Earlier this month my friend Stephanie and I hit up Chef Edward Lee’s new restaurant, Succotash, at the National Harbor to check out a dinner hosted by Chung Jung One, the makers of Gochujang Korean chili sauce. If you’re a rabid fan of Top Chef (ahem, that would be me too), you might remember Chef Lee from Season 9 (Seattle). His quips and dry wit had the hubby and I guffawing and nodding along in agreement. You can probably guess, then, that my excitement level at getting to meet Chef Lee, eat his food, and smother it in delicious Korean chili paste was pretty much at epic fangirl levels. What’s even better is that since the dinner, I’ve used Gochujang sauce in lots of dishes at home. My favorite way to use it is in these roasted Brussels sprouts and Gochujang glaze and sprinkled with sliced toasted almonds.
For DC’ers, I was
pleasantly surprised mildly shocked to see how far the National Harbor has come along. National Harbor always seemed to me to be a place where people coming to conventions in DC would frequent, but with tons of new, interesting restaurants and shops, I wondered why I hadn’t been before now. Succotash, which just opened in September, is just one of a handful of fine dining establishments to call the National Harbor home, and I made a mental note to drag the family down here the next time we have a chance.
Servers greeted us with Gochujang micheladas, a Mexican beer cocktail with tomato juice, lime and the featured Gochujang sauce. I had a michelada or two during my law school days in Austin, and the tangy sweetness of Gochujang really shone through the spicy beer cocktail.
We also had Gochujang flavored pimento cheese on toasts. I’m always looking for ways to change up pimento cheese (one of my all-time favorite appetizers), and Gochujang blended in perfectly with the creaminess of Chef Lee’s pimento cheese. It was kind of mind-blowing, because I would have otherwise never thought to use a spicy Asian chili sauce in a very classic Southern dish. Solid move, Chef Lee.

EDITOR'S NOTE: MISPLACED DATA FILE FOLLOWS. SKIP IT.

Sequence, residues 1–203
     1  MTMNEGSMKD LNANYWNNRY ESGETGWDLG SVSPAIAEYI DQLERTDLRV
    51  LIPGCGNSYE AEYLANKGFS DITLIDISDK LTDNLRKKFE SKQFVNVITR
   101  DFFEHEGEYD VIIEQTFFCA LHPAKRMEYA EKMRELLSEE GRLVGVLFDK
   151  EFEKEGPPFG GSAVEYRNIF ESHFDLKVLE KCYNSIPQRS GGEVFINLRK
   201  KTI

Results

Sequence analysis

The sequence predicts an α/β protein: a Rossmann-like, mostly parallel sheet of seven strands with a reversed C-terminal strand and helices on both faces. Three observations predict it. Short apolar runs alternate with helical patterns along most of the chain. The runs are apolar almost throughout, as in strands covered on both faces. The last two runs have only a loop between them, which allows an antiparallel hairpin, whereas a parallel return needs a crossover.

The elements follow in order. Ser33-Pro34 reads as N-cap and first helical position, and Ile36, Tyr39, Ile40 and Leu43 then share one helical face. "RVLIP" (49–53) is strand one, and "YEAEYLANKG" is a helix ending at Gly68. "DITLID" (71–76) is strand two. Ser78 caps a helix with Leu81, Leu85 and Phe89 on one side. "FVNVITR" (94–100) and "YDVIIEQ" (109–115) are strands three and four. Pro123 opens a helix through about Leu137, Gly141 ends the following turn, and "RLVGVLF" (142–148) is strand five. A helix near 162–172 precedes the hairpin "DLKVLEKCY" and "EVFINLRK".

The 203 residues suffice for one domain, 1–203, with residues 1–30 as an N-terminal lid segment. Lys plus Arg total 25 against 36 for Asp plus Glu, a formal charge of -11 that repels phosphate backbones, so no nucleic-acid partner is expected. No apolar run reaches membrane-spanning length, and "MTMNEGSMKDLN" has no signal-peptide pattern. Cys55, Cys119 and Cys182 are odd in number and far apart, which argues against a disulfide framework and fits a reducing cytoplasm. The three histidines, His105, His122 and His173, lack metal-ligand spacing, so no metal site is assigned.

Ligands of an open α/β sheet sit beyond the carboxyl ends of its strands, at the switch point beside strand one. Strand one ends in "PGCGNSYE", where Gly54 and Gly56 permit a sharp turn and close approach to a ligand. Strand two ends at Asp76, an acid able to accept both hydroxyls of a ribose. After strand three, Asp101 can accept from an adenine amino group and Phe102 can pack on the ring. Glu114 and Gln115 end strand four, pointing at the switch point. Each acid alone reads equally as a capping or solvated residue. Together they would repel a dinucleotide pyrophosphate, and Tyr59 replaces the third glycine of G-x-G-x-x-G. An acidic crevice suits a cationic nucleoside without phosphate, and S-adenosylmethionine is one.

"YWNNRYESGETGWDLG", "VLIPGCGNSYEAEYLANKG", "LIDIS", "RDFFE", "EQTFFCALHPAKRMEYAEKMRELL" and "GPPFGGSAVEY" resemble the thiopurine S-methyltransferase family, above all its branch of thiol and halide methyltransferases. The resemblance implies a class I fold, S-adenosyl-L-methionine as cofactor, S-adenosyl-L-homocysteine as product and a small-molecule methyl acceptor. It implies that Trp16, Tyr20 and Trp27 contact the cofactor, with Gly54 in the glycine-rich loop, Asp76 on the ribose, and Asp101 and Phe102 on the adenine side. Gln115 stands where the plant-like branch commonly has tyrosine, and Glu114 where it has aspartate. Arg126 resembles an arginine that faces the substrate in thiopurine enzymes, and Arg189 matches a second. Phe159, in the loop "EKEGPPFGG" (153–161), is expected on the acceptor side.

The other dishes all featured Gochujang with Chef Lee’s signature fusion Southern food in really interesting, novel ways. Other starters were a bibimbap “arancini” (similar to an Italian fried risotto ball) which contained all of the flavors of a traditional Korean fried rice bowl in one hefty bite. The Gochujang tuna poke, a mixed salad that harkened to its Hawaiian origins, was a smooth bite of raw tuna with healthy chunks of avocado, cucumber and yellow bell pepper which gave the salad a good crunch. I also enjoyed the Gochuchang glazed pork ribs, which were fall-apart and sexy, with a rich satiny glaze. The most successful dish, though, was the Gochujang honey on top of some pretty perfect fried chicken. The chicken wasn’t particularly pretty in its presentation and arrived at the table on family-sized platters mounded with half-melted blue cheese, ripped nori (seaweed) and pickles. I didn’t have high hopes for this mess of competing flavors, but somehow it all worked beautifully. The salt of the nori played well with the crunchy granules in the blue cheese, and I loved the vinegary contrast of the pickles with the crunchy fried chicken. The most important piece of the puzzle was, of course, the chicken, which consisted only of juicy thigh meat. I’m so glad to see an Asian chef educating the world about how delicious dark chicken meat can be — and especially cooked Southern-style. Chef Lee, where have you been all my life? (Also, the chicken is a regular menu item, so you need to get to Succotash to try this for yourself.)